“Stop procrastinating!” added my amateur sleuth Sarah Cunningham. She is dying to step out from the written pages of The Artist Colony to solve a new mystery.

With this literary encouragement, I started making scenes in a small medieval village in southern France where I spend my summers. How marvelous to stroll on its cobblestone streets accompanied by my characters; sleuth Sarah, her Irish companion Rosie, and the ever popular dog-tective Albert. There are many unlit narrow streets where murder and mystery beckons me.

Ah yes, I can feel my heart quicken with suspenseful plots and spicy characters. I guess it’s time to get to work on that sequel.


I’d love to hear from other mystery writers as to when they decided to write a series? From the beginning or, like me, after you finished one mystery and you and your readers missed your characters so much that you brought them back to life again. And a question to mystery readers? Do you want to know before you start a mystery whether there are going to be sequels? And will it influence your decision to read the mystery if it’s a one-off rather than a series?

In Joanna FitzPatrick’s gripping new novel, set in 1924, Sarah Cunningham, a young Modernist painter, arrives in Carmel-by-the-Sea from Paris to bury her estranged older sister, Ada Belle. En route, she is horrified to learn that Ada Belle’s suspicious death is a suicide. But why kill herself? Ada Belle’s reputation was growing: her plein air paintings regularly sold out, and she was about to show her portraits for the first time, which would have catapulted her career.

Amazon https://www.amazon.com/Artist-Colony-Novel-Joanna-FitzPatrick/dp/1647421691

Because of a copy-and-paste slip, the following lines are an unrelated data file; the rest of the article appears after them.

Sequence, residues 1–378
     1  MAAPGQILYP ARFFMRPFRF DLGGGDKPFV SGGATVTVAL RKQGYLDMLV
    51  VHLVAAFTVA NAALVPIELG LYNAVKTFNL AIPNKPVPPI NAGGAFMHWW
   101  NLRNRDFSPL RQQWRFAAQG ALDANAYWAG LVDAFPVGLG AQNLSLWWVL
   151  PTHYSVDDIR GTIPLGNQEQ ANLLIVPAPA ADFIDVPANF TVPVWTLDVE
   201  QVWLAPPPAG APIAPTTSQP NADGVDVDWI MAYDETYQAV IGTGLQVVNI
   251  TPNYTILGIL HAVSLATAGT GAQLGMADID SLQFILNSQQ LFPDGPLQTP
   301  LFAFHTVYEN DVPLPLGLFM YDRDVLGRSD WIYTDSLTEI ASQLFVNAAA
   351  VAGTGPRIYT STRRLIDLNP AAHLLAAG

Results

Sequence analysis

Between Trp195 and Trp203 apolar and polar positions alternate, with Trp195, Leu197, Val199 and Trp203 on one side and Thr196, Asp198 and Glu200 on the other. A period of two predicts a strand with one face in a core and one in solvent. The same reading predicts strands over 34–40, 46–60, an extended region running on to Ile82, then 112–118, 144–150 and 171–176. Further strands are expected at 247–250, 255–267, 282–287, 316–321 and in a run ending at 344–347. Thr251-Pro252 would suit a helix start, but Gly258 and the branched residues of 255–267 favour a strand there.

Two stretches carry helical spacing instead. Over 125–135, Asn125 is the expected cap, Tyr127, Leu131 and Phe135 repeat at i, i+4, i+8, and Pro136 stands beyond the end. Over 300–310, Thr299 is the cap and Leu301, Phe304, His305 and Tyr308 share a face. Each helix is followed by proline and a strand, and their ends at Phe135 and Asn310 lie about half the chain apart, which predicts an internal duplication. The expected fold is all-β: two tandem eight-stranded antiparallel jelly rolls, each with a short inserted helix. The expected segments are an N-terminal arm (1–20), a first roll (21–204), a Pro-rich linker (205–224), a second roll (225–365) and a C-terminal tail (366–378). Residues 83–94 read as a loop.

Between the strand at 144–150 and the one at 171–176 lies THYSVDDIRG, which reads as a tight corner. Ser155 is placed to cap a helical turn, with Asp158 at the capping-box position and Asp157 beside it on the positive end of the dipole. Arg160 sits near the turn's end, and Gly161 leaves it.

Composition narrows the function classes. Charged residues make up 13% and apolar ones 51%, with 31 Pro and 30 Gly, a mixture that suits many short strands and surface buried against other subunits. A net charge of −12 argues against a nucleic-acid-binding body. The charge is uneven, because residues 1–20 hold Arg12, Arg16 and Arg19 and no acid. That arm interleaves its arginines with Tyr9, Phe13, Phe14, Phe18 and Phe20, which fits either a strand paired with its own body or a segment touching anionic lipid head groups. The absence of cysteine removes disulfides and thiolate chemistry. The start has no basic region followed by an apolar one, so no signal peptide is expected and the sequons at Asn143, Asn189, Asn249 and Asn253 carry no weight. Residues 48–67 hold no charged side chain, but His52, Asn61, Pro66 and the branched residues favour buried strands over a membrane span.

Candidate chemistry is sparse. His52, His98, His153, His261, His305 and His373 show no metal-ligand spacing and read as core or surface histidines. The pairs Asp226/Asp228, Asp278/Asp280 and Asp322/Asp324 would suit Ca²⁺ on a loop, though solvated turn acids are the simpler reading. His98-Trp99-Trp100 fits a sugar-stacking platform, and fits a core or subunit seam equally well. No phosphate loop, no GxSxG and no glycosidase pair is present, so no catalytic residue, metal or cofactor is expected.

Barnes & Noble https://www.barnesandnoble.com/w/the-artist-colony-joanna-fitzpatrick/1138488960?ean=9781647421694

Bookshop.org https://bookshop.org/books/the-artist-colony/9781647421694

Bookbub: https://www.bookbub.com/books/the-artist-colony-by-joanna-fitzpatrick

JOANNA FITZPATRICK was raised in Hollywood. She started her writing habit by applying her orange fountain pen and a wild imagination to screenplays, which led her early on to produce the film White Lilacs and Pink Champagne. Accepted at Sarah Lawrence College, she wrote her MFA thesis Sha La La: Live for Today about her life as a Hollywood hippie. Her more recent work includes two novels, Katherine Mansfield, Bronze Winner of the 2021 Independent Publisher Book Award (IPPY) in Historical Fiction, and The Drummer’s WidowThe Artist Colony, Gold Winner of the 2022 Independent Publisher Book Award (IPPY) in Mystery, is her third book. Presently, FitzPatrick divides her time between a cottage by the sea in Pacific Grove, California and a hameau in rural southern France where she begins all her book projects. 

Author website: www.joannafitzpatrick.com
Facebook: www.facebook.com/JoannaFitzPatrickauthor
Twitter: https://twitter.com/Fitzpatrick_jo